Clean Draft – A draft to which no documents have been attached.
cm – Centimeters.
CNS (Cargo Network Services) – An agency to which IATA forwarders pay their freight bills.
Collective Paper – All documents (commercial invoices, bills of lading, etc.) submitted to a buyer for the purpose of receiving payment for a shipment.
Combi – An aircraft with pallet or container capacity on its main deck as well as in its belly holds.
Combination Vessels – A type of ship that accommodates both container and breakbulk cargo. It can be either self-sustaining or non-self sustaining. Also known as a Container/Breakbulk Vessel.
Commercial Invoice – An itemized list of goods shipped that is usually included among an exporter’s collection papers.
Commodity Specialist – An official authorized by the U.S. Treasury to determine the proper tariff and value of imported goods.
Common Carrier – A publicly or privately owned firm or corporation that transports the goods of others over land, sea, or through the air, for a stated freight rate. By government regulation, a common carrier is required to carry all goods offered if accommodations are available and the established rate is paid.
Common External Tariff (CET or CXT) – A uniform tariff adopted by a customs union or common market on imports from countries outside the union. It is often a required part of the entry process.
Conference – A group of vessel operators joined together for the purpose of establishing freight rates.
Confirmed Letter of Credit – (See Letter of Credit, Confirmed)
Confiscation – The taking and holding of private property by a government or an agency acting for a government. Compensation may or may not be given to the owner of the property.
Consignee – The individual or company to whom a seller or shipper sends merchandise and who, upon presentation of necessary documents, is recognized as the merchandise owner for the purpose of declaring and paying customs duties.
Consignee Mark – A symbol placed on packages for identification purposes generally consisting of a triangle, square, circle, diamond, or cross, with letters or numbers as well as the port of discharge.
Consignment – The physical transfer of goods from a seller (consignor) with whom the title remains until the goods are sold, to another legal entity (consignee) who acts as a selling agent. Only if there is a subsequent sale does the seller receive any payment.
Consignor – A term used to describe any person who consigns goods to himself or to another party in a bill of lading or equivalent document. A consignor might be the owner of the goods, or a freight forwarder who consigns goods on behalf of his principal.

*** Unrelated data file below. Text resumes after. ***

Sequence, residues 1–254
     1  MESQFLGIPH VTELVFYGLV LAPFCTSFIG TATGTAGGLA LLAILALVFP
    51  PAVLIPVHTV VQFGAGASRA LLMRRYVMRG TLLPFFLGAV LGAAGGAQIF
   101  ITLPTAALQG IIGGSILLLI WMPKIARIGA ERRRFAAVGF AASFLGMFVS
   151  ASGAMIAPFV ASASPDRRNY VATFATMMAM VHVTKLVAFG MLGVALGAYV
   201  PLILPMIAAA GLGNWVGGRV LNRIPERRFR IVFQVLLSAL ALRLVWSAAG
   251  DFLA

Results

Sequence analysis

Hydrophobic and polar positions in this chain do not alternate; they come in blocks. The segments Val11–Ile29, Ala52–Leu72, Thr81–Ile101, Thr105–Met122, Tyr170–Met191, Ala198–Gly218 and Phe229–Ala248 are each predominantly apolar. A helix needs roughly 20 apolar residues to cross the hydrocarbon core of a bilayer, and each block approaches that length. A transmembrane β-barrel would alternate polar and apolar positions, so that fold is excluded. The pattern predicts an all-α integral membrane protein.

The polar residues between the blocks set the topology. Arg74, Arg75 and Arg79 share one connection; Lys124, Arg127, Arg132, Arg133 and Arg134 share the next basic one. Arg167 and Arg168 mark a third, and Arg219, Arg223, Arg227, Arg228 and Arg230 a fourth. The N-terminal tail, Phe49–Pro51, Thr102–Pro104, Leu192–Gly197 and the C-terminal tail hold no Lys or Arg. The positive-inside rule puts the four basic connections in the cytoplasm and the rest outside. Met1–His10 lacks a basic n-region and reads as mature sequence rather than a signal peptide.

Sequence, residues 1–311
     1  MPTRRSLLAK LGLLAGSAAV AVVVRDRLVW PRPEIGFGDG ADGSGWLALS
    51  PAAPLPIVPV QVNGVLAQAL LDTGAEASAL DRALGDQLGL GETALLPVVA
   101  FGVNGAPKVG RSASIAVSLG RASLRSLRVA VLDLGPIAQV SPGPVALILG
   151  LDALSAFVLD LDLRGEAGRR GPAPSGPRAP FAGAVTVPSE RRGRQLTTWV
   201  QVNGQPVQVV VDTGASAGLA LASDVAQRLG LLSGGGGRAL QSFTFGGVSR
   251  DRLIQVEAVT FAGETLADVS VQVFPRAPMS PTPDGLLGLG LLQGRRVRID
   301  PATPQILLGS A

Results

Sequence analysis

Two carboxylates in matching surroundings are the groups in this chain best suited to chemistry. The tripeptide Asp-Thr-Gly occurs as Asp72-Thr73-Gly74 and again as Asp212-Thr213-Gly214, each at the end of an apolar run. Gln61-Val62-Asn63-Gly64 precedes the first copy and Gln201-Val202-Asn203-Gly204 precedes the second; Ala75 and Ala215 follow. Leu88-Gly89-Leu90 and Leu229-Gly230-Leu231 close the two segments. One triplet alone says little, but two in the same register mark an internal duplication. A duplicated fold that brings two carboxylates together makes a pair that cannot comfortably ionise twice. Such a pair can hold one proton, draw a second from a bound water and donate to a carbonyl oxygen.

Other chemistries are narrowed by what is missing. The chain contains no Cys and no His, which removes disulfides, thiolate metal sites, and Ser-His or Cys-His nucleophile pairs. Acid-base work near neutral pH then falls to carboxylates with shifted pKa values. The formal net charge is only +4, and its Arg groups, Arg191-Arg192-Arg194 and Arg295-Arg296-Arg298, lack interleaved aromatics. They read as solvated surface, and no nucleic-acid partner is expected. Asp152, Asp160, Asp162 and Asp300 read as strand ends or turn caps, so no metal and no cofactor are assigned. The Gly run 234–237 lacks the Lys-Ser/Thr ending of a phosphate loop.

Consolidated Shipment – An arrangement whereby various shippers pool their boxed goods on the same shipment, sharing the total weight charge for the shipment.
Consolidator – An agent who brings together a number of shipments for one destination to qualify for preferential rates.
Consortium – The name for an agreement under which several nations or nationals (usually corporations) of more than one nation join together for a common purpose (e.g., a shipping consortium).
Consul – A government official residing in a foreign country charged with representing the interests of his or her country and its nationals.
Consular Documents – Special forms signed by the consul of a country to which cargo is destined.
Consular Invoice – A document required by some countries describing a shipment of goods and showing information such as the consignor, consignee, and value of the shipment. Certified by a consular official, a consular invoice is used by the country’s customs officials to verify the value, quantity, and nature of the shipment.
Container – A single, rigid, sealed, reusable metal “box” in which merchandise is shipped by vessel, truck, or rail. Container types include standard, high cube, hardtop, open top, flat, platform, ventilated, insulated, refrigerated, or bulk. Containers (except for flat-rack vehicle rack and portable liquid tank types) have a closure or permanently hinged door that allows ready access to cargo. All containers have constructions, fittings, and fastenings able to withstand, without permanent distortion, all stresses that may be applied in normal service use of continuous transportation. Containers must bear the manufacturer’s specifications.(See also Container Dimensions)
Container (Air Cargo) – Air cargo containers are designed in various sizes and irregular shapes to conform to the inside dimensions of a specific aircraft.
Container (Ocean) – Designed to be moved inland on its own chassis, an ocean container can be loaded at the shipper’s plant for shipment overseas. The average outside dimensions are generally 20, 35, and 40 feet in length, 8 feet wide, and 8 feet high.
Container Ship – An ocean-going ship designed to carry containers both internally and on deck. Some are self sustaining.
Containerization – A concept for the ultimate unitizing of cargo used by both steamship lines and air cargo lines. Containers allow a greater amount of cargo protection from weather, damage, and theft.
Continuous Bond – An annual customs bond insuring compliance with all regulations and requirements.
Contract Rate – This can refer to “service contract” rates which are low, favorable rates fixed over an extended period of time in exchange for which the carrier receives a volume commitment from the shipper.
Countertrade – A reciprocal trading arrangement in which the seller is required to accept goods or other instruments or trade in partial or whole payment for its products. Common transactions include: barter, buyback, counterpurchase, offset requirements, swap, switch; or triangular trade, evidence, or clearing accounts.
Countervailing Duties – Special duties imposed on imports to offset the benefits of subsidies to producers or exporters of the exporting country.
Customs Broker – An individual or service company that transacts customhouse formalities on behalf of an importer. In the U.S.A., a customs broker must be licensed by the Treasury Department and pass a government examination covering a broad range of knowledge, including all phases of import regulations, rates of duties, and customs law. Licensing and requirements vary from country to country, so check with your local United Shipping Partner for details.
Customs Court – The court to which importers must appeal or protest decisions made by customs officers.
Customs Tariff – A schedule of charges assessed by a federal government on imported goods.
Customs Union – An agreement between two or more countries in which they arrange to abolish tariffs and other import restrictions on each other’s goods and establish a common tariff for the imports of all other countries.
CWO (Cash With Order) – A method of payment for goods where cash is paid at the time of order and the transaction becomes binding on both buyer and seller.